July 27, 2021

Bank Bondholders to Be Paid While Irish Public Howls

The payment is part of Ireland’s effort to shore up Anglo Irish, a state-owned bank now known as the Irish Resolution Bank Corporation, in a rescue that ultimately could top 47 billion euros, or $61 billion.

The European Central Bank put Ireland on notice last week that defaulting on payments to the bondholders could lead to dire financial consequences, the equivalent of a financial “bomb” in the Irish economy, according to Ireland’s transport minister, Leo Varadkar, who made the comments over the weekend on an Irish television program.

But that has not quelled a public debate about whether taxpayers should pay bondholders who bet on investments in a bank that was bailed out and nationalized in 2009 after the collapse of the Irish real estate market. In general, unsecured bondholders reap a higher return because the bonds are not guaranteed and therefore carry a higher risk.

The critics — among them labor unions, opposition parties and a newly formed coalition of social justice groups — are incensed that the corporation is about to pay out more than 1.25 billion euros on Wednesday and then a promissory note payment of 3.1 billion euros in March.

“We think it is irrational and indefensible,” said Mary Lou McDonald, a deputy leader of Sinn Fein, the left-of-center political party. “We take the view that those who take a gamble take a loss when their investments go south.”

“Right now there is a simmering rage that is still mainly below the radar,” she added.

Repayment is a divisive issue because Irish taxpayers face years of austerity to pay for the bailout of Anglo Irish and other Irish banks. Measures include budget cuts like the elimination of hundreds of nursing home beds, teacher layoffs and the closing of rural post offices and police stations.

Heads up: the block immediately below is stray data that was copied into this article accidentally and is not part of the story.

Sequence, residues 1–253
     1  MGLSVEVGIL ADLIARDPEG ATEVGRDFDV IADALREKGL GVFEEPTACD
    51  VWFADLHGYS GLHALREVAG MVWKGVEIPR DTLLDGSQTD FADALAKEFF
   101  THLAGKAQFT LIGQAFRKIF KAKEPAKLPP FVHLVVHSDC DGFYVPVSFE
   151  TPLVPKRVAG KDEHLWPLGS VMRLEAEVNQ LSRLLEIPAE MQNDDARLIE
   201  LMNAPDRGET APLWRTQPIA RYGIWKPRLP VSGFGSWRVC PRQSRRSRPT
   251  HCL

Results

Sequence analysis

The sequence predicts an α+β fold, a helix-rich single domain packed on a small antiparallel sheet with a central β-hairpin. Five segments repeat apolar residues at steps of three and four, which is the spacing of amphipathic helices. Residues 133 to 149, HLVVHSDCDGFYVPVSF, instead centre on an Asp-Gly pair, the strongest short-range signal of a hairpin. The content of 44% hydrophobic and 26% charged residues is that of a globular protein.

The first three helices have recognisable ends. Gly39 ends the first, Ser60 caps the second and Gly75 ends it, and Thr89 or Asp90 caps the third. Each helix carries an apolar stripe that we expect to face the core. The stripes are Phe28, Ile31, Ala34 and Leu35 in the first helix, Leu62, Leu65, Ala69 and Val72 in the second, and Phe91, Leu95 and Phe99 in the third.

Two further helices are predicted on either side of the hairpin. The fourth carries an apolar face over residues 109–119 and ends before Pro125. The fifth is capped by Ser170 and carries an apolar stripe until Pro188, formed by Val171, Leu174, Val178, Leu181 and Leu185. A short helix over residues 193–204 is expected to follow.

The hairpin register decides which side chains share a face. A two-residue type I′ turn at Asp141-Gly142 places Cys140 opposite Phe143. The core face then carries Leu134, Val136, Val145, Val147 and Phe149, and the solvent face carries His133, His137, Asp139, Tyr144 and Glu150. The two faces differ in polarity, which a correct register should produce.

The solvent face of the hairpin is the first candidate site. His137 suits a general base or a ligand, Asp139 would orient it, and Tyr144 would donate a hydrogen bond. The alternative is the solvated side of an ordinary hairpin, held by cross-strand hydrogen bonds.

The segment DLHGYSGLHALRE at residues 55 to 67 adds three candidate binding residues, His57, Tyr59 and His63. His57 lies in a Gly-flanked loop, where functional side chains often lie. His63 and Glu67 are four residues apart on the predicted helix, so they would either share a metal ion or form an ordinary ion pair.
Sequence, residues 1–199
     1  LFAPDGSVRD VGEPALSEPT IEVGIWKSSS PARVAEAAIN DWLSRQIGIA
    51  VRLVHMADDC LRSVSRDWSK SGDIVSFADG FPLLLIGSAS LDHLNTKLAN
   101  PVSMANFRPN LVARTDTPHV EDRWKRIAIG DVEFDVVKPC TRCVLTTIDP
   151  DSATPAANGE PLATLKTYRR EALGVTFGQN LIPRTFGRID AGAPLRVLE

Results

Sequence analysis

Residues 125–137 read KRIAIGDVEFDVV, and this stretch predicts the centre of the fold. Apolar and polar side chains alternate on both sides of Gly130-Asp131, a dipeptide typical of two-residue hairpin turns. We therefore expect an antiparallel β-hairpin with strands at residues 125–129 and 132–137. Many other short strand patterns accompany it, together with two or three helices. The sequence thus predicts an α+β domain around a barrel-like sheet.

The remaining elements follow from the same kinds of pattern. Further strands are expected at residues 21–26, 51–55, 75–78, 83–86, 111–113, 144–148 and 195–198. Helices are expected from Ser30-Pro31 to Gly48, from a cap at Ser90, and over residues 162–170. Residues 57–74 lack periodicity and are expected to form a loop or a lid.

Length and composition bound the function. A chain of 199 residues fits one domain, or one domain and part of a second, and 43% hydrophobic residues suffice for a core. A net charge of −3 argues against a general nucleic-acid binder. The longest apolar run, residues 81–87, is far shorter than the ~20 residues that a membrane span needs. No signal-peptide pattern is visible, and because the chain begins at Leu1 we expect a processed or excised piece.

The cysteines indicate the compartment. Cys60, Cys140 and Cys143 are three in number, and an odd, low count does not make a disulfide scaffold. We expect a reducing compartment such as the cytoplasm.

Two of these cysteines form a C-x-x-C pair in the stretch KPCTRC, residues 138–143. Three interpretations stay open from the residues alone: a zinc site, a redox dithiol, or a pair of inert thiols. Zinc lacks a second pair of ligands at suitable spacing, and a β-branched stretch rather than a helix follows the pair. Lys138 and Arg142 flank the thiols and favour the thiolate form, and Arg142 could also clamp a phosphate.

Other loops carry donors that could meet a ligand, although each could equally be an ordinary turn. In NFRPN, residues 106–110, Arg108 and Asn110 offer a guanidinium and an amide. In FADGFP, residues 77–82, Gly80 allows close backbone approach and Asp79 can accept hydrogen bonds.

Ireland’s current government rose to power with pledges to impose losses on bondholders in Irish banks, but it changed course under pressure from the European Central Bank to pay off the bonds.

During a news conference last week, an Irish television journalist repeatedly pressed a representative of the central bank, Klaus Masuch, for a clear explanation of the payout. He answered that it would ensure confidence in the banking sector.

The Irish government also fears that a default could raise borrowing costs for other state-controlled banks and power companies, pushing up mortgage and utility bills.

The identities of the senior bondholders have never been officially disclosed, though critics and some politicians have tried to pry out the information.

Before the crash, bank bonds were often bought by pension funds and insurance companies as a reliable way to earn interest. But after Anglo Irish was nationalized, many of the more conservative bondholders sold their securities on secondary markets at steeply discounted rates.

The corporation says it does not know who the bondholders are. It is making the payment through a clearing system using a bank, which in turn pays the bondholders.

“Such securities are free tradable,” the corporation said Monday, noting that “an issuer does not have access to the records of the clearinghouse.”

A year ago, David Norris, an independent member of the Irish Senate, used parliamentary privilege to read aloud the names of bondholders, including several London financial institutions, before he was ruled out of order. He had drawn his information from Paul Staines, a former bond trader who writes a blog from London under the name Guido Fawkes. Mr. Staines posted a list of bondholder names on his blog, although he did not disclose his source.

“My sense is that the holders of these type of bonds are completely different now, with a much greater sense of risk,” Mr. Staines said.

Bondholders and investment banks are reluctant to talk about Ireland’s repayment. The Institute of International Finance, the leading global banking lobby group, declined Monday to comment on the issue. The group is representing bondholders in negotiations in Greece for write-downs of its bonds.

Article source: http://www.nytimes.com/2012/01/24/business/global/bank-bondholders-to-be-paid-while-irish-public-howls.html?partner=rss&emc=rss

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